By Kato Mivule | February 24, 2009
The Ugandan Government is moving a step forward in the right direction by proposing to set up policy to manage and curb e-Waste that flows into the country through the thousands of used electronic devices from computers to cell phones.
Parliament’s committee on ICT has finalized a new policy that will regulate the importation and disposal of electronic gadgets in the country. Committee chairman Edward Baliddawa says the Policy is contained in the draft, National Information Technology Bill that is now before the committee for scrutiny. He explains that there is No effective e-waste management system, and this has caused Uganda to remain a dumping ground for all kinds of computer scrap that come into the country from the developed economies. According to Baliddawa, the bill seeks to minimize the impact of second hand electrical gadgets whose impact on health and the environment cannot be underestimated.
“New Policy against dumping of used computers Thursday, 19th February, 2009”
Most of the used computers and cell phones are sent as donations to Africa in hopes that some how African Techs will fix those that they can and throw away the rest. Computers and PCs that fail the African Tech Test are then sent to the dumping grounds and become part of the garbage heaps all across Africa.
According to the Independent Publication in the UK, the UK alone produces 2 million tons of e-Waste and most of the disposal is sent to Africa. The same newspaper reported that 400,000 used computers arrive in Nigeria alone and 75 per cent of then cannot be used and end up on garbage heaps…
The UK generates almost 2 million tons of electronic waste. Disposing of this in America and Europe costs money, so many companies sell it to middle merchants, who promise the computers can be reused in Africa, China and India. Each month about 500 container loads, containing about 400,000 unwanted computers, arrive in Nigeria to be processed. But 75 per cent of units shipped to Nigeria cannot be resold. So they sit on landfills, and children scrabble barefoot, looking for scraps of copper wire or nails. And every so often, the plastics are burnt, sending fumes up into the air.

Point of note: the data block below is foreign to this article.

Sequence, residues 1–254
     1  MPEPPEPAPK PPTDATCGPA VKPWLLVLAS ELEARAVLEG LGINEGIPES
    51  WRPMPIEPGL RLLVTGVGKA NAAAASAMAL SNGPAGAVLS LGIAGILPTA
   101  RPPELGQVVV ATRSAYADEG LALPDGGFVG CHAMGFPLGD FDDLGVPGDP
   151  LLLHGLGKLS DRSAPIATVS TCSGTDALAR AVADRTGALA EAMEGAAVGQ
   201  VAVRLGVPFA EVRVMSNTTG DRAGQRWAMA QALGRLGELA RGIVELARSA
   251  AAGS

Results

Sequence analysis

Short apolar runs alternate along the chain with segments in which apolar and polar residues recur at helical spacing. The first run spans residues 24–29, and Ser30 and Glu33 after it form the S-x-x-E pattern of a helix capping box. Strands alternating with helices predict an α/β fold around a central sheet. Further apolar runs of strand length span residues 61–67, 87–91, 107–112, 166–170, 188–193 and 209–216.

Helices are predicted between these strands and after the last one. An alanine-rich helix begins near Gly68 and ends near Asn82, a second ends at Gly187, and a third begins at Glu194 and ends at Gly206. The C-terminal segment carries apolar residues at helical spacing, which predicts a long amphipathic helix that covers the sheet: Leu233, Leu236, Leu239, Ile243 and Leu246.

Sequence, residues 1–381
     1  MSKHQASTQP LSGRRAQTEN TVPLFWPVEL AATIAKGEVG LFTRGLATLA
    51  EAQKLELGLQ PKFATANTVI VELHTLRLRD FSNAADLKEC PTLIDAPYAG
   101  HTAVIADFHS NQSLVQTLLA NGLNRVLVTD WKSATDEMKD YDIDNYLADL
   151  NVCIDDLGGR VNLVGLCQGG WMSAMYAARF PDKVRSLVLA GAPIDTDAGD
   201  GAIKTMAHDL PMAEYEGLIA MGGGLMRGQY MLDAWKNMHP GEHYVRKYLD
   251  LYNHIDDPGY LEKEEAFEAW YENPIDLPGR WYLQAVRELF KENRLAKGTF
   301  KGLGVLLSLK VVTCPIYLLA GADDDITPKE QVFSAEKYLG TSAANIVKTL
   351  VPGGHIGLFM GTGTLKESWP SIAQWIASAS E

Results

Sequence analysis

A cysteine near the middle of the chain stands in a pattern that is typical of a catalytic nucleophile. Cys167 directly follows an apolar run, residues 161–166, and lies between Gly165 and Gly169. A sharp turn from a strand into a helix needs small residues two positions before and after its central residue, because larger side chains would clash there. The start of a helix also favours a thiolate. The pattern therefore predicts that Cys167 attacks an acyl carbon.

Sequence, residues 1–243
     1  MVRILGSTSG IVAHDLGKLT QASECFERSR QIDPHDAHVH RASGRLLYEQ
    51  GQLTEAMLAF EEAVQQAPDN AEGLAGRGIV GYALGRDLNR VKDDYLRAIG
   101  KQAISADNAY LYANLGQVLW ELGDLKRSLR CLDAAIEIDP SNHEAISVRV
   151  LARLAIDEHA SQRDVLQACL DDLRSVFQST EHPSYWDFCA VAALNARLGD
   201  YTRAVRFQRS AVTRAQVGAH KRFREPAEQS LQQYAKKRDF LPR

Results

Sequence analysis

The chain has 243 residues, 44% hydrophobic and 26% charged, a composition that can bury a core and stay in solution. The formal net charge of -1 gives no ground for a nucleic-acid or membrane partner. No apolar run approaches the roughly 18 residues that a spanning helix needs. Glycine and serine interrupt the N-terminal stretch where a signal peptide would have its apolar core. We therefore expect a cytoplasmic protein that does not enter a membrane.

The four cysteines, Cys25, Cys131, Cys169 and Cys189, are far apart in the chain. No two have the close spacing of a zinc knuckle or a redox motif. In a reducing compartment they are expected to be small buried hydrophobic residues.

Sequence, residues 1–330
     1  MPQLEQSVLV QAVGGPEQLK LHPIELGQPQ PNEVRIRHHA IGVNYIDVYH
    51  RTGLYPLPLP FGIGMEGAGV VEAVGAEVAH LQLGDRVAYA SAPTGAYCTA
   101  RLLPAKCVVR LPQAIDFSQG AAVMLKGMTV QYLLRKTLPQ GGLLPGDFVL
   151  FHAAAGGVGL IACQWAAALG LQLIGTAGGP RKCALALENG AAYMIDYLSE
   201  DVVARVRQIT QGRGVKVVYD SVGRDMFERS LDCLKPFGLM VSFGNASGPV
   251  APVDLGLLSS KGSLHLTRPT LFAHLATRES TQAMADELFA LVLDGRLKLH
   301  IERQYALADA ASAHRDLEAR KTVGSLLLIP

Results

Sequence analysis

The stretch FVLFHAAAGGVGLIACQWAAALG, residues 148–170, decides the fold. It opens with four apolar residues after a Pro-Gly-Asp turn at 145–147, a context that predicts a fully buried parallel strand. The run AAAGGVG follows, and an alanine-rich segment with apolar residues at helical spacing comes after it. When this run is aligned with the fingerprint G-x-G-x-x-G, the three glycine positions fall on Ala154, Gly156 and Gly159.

DanWatch a European based corporate watchdog that documents consequences of investments and trade in third world countries, reported on its website that despite tough European policies on disposal of e-Waste, Africa still remains a dumping ground for the millions of used computers and cell phones discarded in Europe and the USA. Nigeria seems to be the largest recipient of such waste.
Despite new European regulations to prevent electronic waste from being dumped in Africa and Asia, a hidden flow of end-of-life electronics is threatening to drown West Africa. Local experts are calling for the EU to tighten control with the highly toxic waste. Every month, hundreds of tons of obsolete computers, televisions and other household consumer electronics are arriving at ports in Ghana and Nigeria. From here, these second hand electronics are distributed via local networks of dealers throughout the country. According to local sources, only 25 per cent of the imports are working, while the remaining electronic waste, known as e-waste, often ends up on dumpsite fires.
However, the problem of dumping is not just limited to the European and American corporations and consumers who seek to discard unwanted computers and cell phones. African governments have of the past had robust trade with the East, especially China and India.
China in particular has taken advantage of the African market by dumping fake goods that for the most part work for only a very limited time and then are discarded off to garbage heaps. From cheap cell phones to fake computers, radio sets and fake TV sets, China is turning Africa into a major dumping ground and only adding to the already existing problem of Western Toxic Waste.
African governments need to not only to deal with e-Waste from the Western world, they need to deal with fake electronic goods that come from China and put a stop on that flow. Human Right groups, Watchdogs and Environmental groups need to tackle the problem of Chinese fake goods that are finding their way unhindered in Africa.
While most watchdog groups are focusing attention on the West, China is busy sending toxic waste in form of fake and bogus electronic goods across Africa.
The Ugandan government is taking positive steps in setting policy to curb dumping of e-Waste in Uganda but the policy seems only to deal with used electronics yet ignoring the threat that comes from fake electronic goods from China.
Ugandans would be well served if the new e-Waste policy includes a provision that deals with e-Waste in form of fake goods from China.
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